These are expressions you may hear in many English-speaking offices.
going forward = make a positive plan for the future
“During our meeting, we decided that going forward we need a more strategic social media campaign.”
“Going forward, our sales team must communicate with customers more regularly.”
action + something = make it happen (means the same as ‘do it’)
These show continuous behavior, but there is a difference in how you apply them.
as busy/aggressive/lazy as ever = the person always shows this characteristic, it is his/her normal behavior. It can be a positive or negative adjective.
Tom is as busy as ever. He works 7 days a week.
My secretary is as efficient as ever. I never have to ask her to do anything twice.
The ‘adverbs of degree’ very and too can be confusing, so let’s study the difference!
Look at the two sentences. How are they different?
A: It is very hot.
B: It is too hot.
A is a simple statement – It’s HOT! In this sentence, ‘too’ is the same as ‘really’.
However, B shows difficulty. For example, it may be so hot that people are getting sick (heat exhaustion).
tell someone off: express unhappiness or disapproval with another person in a strong way
“I told my son off for lying to me about stealing the money.”
“I was really upset after my manager told me off for not including her in the meeting.”
tell on someone: report bad behavior (usually used by children)
“If you don’t do your homework, I’ll tell on you.”
Both of these adjectives describe a negative condition of food, but there is a big difference between them.
stale (adj) = food that has gone hard with time…like bread or cake.
“Can you buy some fresh bread for breakfast on the way home? The loaf we have is stale.”
spoiled (adj) = food is unfit to eat….like over ripe fruit or meat, or milk that has gone sour.
throw out/away = put something in the garbage or get rid of it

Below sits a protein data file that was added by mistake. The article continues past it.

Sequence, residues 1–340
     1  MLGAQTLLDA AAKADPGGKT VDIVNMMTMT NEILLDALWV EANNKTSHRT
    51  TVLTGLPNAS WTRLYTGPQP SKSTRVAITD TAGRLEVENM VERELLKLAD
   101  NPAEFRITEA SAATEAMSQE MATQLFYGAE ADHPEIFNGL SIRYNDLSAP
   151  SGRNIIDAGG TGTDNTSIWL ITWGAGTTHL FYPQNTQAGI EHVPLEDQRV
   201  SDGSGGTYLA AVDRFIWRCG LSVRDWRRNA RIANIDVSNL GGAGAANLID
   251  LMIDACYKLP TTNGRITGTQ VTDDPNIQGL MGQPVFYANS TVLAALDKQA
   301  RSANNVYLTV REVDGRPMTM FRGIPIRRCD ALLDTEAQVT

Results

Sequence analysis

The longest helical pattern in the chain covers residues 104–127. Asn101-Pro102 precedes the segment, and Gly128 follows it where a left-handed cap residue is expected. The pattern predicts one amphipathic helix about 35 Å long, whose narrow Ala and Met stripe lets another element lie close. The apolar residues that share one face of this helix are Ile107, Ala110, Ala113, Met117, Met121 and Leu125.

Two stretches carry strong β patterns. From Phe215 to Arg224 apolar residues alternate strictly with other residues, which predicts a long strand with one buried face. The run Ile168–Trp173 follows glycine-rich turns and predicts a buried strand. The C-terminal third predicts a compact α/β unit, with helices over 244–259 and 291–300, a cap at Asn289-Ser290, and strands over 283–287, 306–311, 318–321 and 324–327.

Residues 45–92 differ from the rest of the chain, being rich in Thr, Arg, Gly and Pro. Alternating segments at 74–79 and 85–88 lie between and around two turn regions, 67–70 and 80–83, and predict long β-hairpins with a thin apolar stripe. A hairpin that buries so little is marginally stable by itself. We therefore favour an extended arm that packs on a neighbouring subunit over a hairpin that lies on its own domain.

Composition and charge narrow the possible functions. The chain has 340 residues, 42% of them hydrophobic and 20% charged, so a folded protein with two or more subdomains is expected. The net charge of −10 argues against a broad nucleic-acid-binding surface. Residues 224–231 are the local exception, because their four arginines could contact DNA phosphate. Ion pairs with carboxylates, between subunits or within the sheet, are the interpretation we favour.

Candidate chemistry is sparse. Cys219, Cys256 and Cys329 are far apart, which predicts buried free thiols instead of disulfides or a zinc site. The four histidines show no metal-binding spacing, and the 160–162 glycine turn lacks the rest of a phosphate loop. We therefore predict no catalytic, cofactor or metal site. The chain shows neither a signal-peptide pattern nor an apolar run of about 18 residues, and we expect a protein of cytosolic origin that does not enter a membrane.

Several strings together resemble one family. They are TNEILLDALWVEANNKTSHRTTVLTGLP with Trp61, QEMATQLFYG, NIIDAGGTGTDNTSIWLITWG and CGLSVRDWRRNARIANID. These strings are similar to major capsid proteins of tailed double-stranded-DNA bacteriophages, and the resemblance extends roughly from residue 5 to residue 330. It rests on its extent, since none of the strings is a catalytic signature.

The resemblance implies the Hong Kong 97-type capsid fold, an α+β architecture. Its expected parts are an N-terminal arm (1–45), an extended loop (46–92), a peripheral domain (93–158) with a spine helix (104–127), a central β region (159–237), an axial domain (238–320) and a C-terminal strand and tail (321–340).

‘Canadians don’t throw out plastic containers; they recycle them.’
‘Did you throw away the leftovers from last night’s dinner? I wanted to eat them for dinner.’
‘I need to clean the fridge and throw out the old food. It smells terrible.’
throw out = remove someone from a place either by force or by law.
Below are the 20 English words people say incorrectly.
Many are spelled with old-fashioned letter combinations, or have letters that are difficult to say when connected.
Give them a try!
1. Phenomenon (fi-nom-uh-non)
2. Anaesthetist (uh-nes-thi-tist)
3. Remuneration (ri-myoo – nuh-reyshun)
4. Statistics (stuh-tis-tiks)
5. Ethnicity (eth-nis-i-tee)
6. Philosophical (fil-uh-sof-i-kuhl)
7. Provocatively (pruh-vok-uh-tiv)
8. Anonymous (uh-non-uh-muhs)
9. Thesaurus (thi-sawr-uhs)
Maybe is an adverb that means “perhaps”.
A: “Do you want to see a movie tonight?”
B: “Maybe. What do you want to see?”
A little trick to help: replace maybe with perhaps and see if it still works…
A: “Are you going out tonight?”
B: “Perhaps. I’ll see how tired I am later.”
If this sounds OK, then maybe is correct!
Have you heard of the site www.engrish.com?
They show photos of the funny mistakes foreign advertisers make in English.
For more advanced English students, see if you can find the mistakes in the ads!
It is a good way to test your vocabulary.
Americans and Canadians do not use shall very often, but it is common in Australia, New Zealand, and the UK.
We can use it to make offers and suggestions and to ask for advice, usually at the beginning of a sentence.
“Shall I turn the TV on?”
“Shall we start the meeting?”
“Shall I invite Rob to dinner?”
The negative of shall is shall not.
- Office expressions – Part 1
- Grammar lesson – ‘as (adjective) as ever’ v. ‘as usual’
- Grammar – too v. very
- Phrasal verbs with TELL
- Vocabulary Lesson = stale v. spoiled
- Phrasal verbs with THROW
- Pronunciation…the most difficult words
- Grammar Lesson: maybe v. may be
- Grammar lesson – shall
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